I am moved by the energy that appears in this 1 Peter message to "slaves." The healing power of Jesus not only gets some ink; these words in 1 Peter have some power we should not ignor so quickly. It is in the restatement of the idea: v. 22, he commited no sin, no deceit was found in his mouth (Isaiah 53:9); v. 23, he did not return abuse; he did not threaten; he entrusted himself to the one who judges justly; v. 24, he...bore our sins in his body on the cross. Certainly, there is some kind of theology of suffering here for the messiah. The messiah suffers in a way we do not. However, verse 21 says we (slaves?) have been called to this. Christ leaves us (slaves?) an example "so that you should follow in his steps."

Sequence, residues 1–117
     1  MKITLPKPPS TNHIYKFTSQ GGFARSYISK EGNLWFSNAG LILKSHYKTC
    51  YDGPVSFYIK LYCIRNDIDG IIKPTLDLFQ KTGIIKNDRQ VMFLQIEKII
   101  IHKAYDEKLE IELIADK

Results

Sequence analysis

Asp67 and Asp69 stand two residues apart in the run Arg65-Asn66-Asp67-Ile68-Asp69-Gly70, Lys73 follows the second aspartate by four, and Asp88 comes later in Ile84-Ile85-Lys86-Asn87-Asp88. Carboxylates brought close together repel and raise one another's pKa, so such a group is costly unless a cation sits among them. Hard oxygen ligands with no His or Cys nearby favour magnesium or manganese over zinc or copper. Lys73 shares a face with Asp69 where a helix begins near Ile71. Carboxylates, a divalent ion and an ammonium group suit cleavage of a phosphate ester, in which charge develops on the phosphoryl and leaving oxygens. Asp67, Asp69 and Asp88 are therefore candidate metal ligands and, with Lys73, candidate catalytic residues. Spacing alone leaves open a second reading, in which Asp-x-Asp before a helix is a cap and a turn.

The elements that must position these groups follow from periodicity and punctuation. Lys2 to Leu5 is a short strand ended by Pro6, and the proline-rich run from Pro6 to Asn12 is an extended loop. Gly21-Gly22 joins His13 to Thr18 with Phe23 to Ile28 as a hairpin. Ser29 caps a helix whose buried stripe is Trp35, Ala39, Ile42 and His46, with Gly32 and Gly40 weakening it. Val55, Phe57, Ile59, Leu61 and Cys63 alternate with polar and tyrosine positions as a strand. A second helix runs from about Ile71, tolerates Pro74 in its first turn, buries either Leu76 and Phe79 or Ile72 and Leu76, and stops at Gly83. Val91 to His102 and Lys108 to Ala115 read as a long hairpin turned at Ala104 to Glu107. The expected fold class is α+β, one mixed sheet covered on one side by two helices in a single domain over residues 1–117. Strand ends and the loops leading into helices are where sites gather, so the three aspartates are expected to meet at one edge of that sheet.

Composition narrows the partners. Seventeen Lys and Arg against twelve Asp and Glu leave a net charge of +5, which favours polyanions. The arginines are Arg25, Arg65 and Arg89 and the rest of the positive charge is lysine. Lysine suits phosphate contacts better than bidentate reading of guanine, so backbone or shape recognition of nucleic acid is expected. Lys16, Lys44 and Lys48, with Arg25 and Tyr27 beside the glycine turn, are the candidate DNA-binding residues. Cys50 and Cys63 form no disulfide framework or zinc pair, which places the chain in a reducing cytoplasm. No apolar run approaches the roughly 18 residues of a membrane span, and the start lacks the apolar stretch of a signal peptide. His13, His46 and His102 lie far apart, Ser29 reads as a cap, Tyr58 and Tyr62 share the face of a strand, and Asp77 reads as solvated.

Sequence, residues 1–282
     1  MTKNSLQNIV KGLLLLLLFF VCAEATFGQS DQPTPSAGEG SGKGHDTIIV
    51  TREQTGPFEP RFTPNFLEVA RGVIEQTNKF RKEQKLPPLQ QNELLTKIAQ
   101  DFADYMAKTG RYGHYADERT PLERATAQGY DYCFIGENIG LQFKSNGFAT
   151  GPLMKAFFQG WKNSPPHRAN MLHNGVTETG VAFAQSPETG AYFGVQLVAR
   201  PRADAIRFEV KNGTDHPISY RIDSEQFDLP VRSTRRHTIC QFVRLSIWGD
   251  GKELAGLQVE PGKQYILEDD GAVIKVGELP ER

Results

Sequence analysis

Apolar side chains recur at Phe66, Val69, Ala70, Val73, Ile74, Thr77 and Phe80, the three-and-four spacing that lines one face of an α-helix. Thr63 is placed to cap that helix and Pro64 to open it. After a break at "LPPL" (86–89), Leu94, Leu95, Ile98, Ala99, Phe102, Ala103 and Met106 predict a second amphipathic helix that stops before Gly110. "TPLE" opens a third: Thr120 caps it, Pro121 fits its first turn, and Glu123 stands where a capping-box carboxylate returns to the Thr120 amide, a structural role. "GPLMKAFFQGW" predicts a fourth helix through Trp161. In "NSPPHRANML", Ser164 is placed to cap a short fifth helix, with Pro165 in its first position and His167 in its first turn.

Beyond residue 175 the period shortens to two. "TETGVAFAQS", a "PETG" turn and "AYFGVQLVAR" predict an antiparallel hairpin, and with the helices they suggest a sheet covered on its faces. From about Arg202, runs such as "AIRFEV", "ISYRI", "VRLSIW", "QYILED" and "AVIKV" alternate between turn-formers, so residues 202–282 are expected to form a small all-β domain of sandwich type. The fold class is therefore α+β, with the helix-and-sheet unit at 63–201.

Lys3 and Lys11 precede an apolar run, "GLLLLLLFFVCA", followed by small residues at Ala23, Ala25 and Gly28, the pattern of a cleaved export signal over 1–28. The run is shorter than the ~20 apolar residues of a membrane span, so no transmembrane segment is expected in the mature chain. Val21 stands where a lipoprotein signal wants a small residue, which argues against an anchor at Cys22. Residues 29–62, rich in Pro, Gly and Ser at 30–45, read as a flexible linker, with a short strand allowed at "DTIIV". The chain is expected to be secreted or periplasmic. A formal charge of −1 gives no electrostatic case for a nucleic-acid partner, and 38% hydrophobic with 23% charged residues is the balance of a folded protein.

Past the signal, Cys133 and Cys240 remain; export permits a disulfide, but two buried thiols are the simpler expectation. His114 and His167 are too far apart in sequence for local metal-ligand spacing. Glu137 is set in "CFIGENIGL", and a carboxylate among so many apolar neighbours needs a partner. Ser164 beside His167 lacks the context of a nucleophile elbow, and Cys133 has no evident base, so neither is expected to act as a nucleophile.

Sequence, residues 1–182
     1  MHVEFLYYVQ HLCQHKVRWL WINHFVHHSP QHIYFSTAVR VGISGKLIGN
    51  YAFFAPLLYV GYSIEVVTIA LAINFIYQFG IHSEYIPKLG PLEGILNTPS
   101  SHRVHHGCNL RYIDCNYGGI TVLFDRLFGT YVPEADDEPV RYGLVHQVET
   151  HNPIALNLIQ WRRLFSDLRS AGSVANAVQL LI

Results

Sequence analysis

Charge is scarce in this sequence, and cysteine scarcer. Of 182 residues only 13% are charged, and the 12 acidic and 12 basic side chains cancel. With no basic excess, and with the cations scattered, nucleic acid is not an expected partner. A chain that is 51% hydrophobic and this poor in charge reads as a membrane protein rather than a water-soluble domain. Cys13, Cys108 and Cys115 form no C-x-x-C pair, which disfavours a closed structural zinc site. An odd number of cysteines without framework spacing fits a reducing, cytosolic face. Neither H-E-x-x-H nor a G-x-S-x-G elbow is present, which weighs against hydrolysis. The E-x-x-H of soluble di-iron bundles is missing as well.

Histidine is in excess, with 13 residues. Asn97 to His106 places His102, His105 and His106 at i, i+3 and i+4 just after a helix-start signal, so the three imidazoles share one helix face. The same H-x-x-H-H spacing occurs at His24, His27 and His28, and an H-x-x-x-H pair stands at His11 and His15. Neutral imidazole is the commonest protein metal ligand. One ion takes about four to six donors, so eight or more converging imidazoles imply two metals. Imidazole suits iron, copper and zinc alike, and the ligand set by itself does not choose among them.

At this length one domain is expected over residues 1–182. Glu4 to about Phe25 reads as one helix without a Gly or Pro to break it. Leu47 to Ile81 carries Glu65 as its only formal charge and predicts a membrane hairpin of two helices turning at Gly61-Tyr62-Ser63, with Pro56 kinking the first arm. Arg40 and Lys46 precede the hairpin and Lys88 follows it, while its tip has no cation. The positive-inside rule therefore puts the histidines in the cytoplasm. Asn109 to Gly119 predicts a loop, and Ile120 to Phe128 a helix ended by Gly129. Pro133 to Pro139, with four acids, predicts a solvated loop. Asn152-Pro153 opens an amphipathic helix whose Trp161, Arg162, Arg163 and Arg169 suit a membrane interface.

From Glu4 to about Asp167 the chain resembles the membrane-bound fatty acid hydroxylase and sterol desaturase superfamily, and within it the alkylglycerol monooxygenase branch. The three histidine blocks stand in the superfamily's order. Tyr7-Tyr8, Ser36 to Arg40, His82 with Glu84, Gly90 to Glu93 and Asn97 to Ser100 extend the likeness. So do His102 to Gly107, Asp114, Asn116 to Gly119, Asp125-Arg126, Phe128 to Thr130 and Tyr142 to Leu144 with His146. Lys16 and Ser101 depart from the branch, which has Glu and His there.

Before we dismiss these ideas about suffering for slaves, I have a question or two. Isn't there a message here for people who are "bound" by jobs or family to suffer out of love for someone(s)? I suppose many think suffering is passe. Therapeutically, we take care of ourselves, right? But anyone who suffers needs a network of friends akin to Acts 2 to survive. Don't we all need real friends who help us bring to speech our struggles and difficulties? What about the wife who stays with her alcoholic husband? What about the woman working two jobs for the teenagers she raises by herself? What about the parents who stay together for the children? What about the children caring for parents who are in nursing care facilities? We all know people who "suffer" like this.
Can this call to take Jesus as an example offer some kind of encouragement? Maybe this stuff is not particularly "preachable." It feels heavy. Problems abound with this material. We can take suffering so to heart, we become martyrs and we wear our martyrdom as a badge of courage. Is it possible to think of a healthy kind of suffering? Is it possible to see this passage as a way to encourage our church to be like the Good Shepherd who lays down his life for the sheep? I don't know. Am I off-base here?